Additional studies focused on JAK family genes, since 2 of the 4 members of this family (JAK1 and JAK2) were identified in our screen. This family of kinases has been functionally well characterized and is known to be associated with cell surface receptors for growth factors, cytokines, chemokines, and immune modulators (32
). These kinases play a critical role in cell growth, survival, and development, and activating mutations have been associated with malignant transformation (34
). These genes have not previously been associated with tumor cell susceptibility, but because of their importance in many pathways, several specific inhibitors of JAK activity have been developed. For example, a JAK3 inhibitor (CP-690 550) has been found to have immune-suppressive activity in organ transplantation models (36
), and clinical trials are underway to test its efficacy in rheumatoid arthritis, psoriasis, and renal transplant rejection. JAK2 inhibitors have potent antitumor activity in solid tumor models (37
) and can induce apoptosis of acute lymphoid leukemia and AML cells (38
) in combination with other agents. In our studies, we found that silencing of JAK1
genes increased tumor cell susceptibility to NK cells but silencing the other 2 members of this family (JAK3
) did not have any effect. These results were confirmed in independent experiments where 3 of 4 JAK3 shRNAs and 2 of 4 TYK2 shRNAs selectively downregulated specific protein expression but had no effect on target cell susceptibility to either NKL or NK-92 effector cells. In contrast, silencing of either JAK1 or JAK2 enhanced susceptibility of various tumor cell lines, demonstrating for the first time to our knowledge that these proteins play an important role in tumor cell susceptibility to NK cell lysis. Gene expression profiling experiments showed increased expression of TRAIL-R1 and CXCL10 in IM-9-JAK1-KO cells. However, many known inhibitory/activating ligands such as HLA class I, HLA-A, HLA-C, NKG2D or NCR ligands, CD48 (2B4 ligand), CD155 (DNAM-1 ligand), CD112 (PVR ligand), CD95 (FAS ligand), and adhesion molecules important for cell-cell interactions such as ICAM-1, VCAM-1, CD49d, CD49b and CD49e were not modulated by JAK1 silencing. TRAIL-R1 and CXCL10 have been associated with NK cell recognition and activation (22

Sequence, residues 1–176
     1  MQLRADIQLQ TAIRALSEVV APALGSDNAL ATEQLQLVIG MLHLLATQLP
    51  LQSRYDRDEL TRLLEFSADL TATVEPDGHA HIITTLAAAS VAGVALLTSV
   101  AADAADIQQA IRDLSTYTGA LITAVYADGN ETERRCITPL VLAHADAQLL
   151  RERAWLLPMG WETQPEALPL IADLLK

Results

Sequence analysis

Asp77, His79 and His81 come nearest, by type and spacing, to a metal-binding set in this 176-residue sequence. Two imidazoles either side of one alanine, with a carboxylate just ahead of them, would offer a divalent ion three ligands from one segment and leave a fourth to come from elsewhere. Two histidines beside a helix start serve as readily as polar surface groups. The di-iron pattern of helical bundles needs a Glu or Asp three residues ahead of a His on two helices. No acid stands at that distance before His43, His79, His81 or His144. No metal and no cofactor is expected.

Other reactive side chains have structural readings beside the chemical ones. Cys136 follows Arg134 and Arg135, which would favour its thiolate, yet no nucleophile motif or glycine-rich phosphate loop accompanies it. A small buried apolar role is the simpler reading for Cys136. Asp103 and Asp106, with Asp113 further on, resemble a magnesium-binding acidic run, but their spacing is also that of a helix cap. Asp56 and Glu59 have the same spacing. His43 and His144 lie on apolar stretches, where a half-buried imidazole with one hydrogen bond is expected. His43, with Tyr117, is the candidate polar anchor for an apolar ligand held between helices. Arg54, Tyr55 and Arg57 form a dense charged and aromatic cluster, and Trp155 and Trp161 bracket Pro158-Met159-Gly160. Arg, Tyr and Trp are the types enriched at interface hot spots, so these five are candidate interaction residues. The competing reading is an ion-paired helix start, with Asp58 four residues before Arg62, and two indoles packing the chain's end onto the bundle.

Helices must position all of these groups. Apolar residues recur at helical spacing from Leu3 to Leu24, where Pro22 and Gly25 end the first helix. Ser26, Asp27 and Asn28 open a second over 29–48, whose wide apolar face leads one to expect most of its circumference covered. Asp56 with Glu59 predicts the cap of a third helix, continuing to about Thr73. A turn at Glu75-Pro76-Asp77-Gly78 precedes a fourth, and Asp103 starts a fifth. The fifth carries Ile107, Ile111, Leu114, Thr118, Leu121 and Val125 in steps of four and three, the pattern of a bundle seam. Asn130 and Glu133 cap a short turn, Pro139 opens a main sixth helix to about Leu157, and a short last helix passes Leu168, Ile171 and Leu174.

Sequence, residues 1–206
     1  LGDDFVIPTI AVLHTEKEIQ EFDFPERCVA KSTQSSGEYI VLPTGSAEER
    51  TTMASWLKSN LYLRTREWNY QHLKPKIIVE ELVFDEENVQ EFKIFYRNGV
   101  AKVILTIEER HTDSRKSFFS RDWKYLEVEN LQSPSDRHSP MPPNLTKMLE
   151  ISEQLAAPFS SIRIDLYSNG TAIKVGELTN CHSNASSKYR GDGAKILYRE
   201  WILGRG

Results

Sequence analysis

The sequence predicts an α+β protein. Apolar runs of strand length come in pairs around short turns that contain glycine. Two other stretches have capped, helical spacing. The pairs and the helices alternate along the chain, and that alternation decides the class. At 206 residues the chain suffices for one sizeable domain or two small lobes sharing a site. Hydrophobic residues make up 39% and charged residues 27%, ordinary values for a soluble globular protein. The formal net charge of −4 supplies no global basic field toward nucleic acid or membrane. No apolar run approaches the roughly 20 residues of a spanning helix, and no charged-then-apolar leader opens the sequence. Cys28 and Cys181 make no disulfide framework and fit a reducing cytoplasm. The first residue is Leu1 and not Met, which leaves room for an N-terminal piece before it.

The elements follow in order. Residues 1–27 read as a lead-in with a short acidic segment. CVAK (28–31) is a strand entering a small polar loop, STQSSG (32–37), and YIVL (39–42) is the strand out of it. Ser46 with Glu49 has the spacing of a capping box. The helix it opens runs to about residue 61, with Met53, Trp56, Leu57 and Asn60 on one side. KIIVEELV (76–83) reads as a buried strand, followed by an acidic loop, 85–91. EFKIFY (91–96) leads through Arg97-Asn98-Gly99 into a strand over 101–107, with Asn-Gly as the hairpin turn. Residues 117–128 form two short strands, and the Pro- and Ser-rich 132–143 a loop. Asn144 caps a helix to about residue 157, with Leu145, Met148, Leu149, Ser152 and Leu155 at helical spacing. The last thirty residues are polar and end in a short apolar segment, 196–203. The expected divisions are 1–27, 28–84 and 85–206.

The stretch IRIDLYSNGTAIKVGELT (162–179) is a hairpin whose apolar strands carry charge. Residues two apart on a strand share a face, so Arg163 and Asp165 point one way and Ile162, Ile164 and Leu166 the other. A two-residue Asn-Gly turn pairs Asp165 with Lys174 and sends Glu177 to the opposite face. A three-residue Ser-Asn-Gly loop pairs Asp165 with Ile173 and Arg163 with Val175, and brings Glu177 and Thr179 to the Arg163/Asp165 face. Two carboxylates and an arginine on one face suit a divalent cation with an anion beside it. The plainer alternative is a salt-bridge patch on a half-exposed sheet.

), and their overexpression was confirmed in JAK2-KO as well as JAK1-KO cells. Blocking experiments showed that while CXCL10 antibodies significantly blocked only the reactivity against JAK1- and JAK2-KO lines, TRAIL-R1 equally blocked the reactivity against JAK1-KO, JAK2-KO, as well as irrelevant controls. These findings suggest that the increased susceptibility of JAK1-KO and JAK2-KO cells could be mostly related to factors secreted by target cells rather than upregulation of activating ligands. CXCL10 antibodies did not completely block the reactivity to the level of the control lines, suggesting that other factors may still contribute to the mechanism. Further experiments will be necessary to gain an understanding of how and whether other molecules are related to the mechanism whereby JAK1 and JAK2 regulate the susceptibility of tumor cells to killing by human NK cells.
To establish the activity of JAK1 and JAK2 as modulators of susceptibility to NK cell lysis, we also tested 2 small molecule inhibitors of JAK1 and JAK2 kinase activity. These studies confirmed that inhibition of these genes in various target cells enhances their susceptibility to apoptosis induced by NK cells. This included primary tumor cells from patients with MM, AML, and ALL, as well as tumor cell lines. This effect of JAK inhibitors was mediated entirely through their inhibition of JAK1 and JAK2 signaling, since they had no effect in tumor cell lines that had already been silenced for these genes. Previous studies have shown that various kinase inhibitors such as dasatinib, which targets SFK and Abl, can also suppress T and NK functions in vivo, suggesting that they could be used as immunomodulatory drugs in autoimmune diseases when administered at higher doses (39
). In contrast, kinase inhibitors approved for treatment of renal cell carcinoma such as sorafenib and sunitinib (41
) showed differential effects on immune cells activity, especially NK cells (43
). Although the JAK inhibitors we used in our experiments did not influence the function of NK cells in vitro, the choice and dose of inhibitors used for antitumor treatment should be carefully evaluated when they are combined with immunotherapeutic approaches in patients with cancer.
Taken together, our studies have identified a large set of genes representing several common signaling pathways that appear to modulate tumor cell susceptibility to human NK cells. The unexpected functional role of these genes was uncovered in an unbiased genetic screen, suggesting that many signaling pathways can be utilized by tumor cells to escape immune surveillance. Importantly, many of these pathways are also being targeted by specific inhibitors for potential use as therapeutic agents. Our studies suggest that targeting specific members of these pathways may also enhance the susceptibility of such agents to immune destruction in vivo and this additional activity may enhance the antitumor efficacy of these new therapies.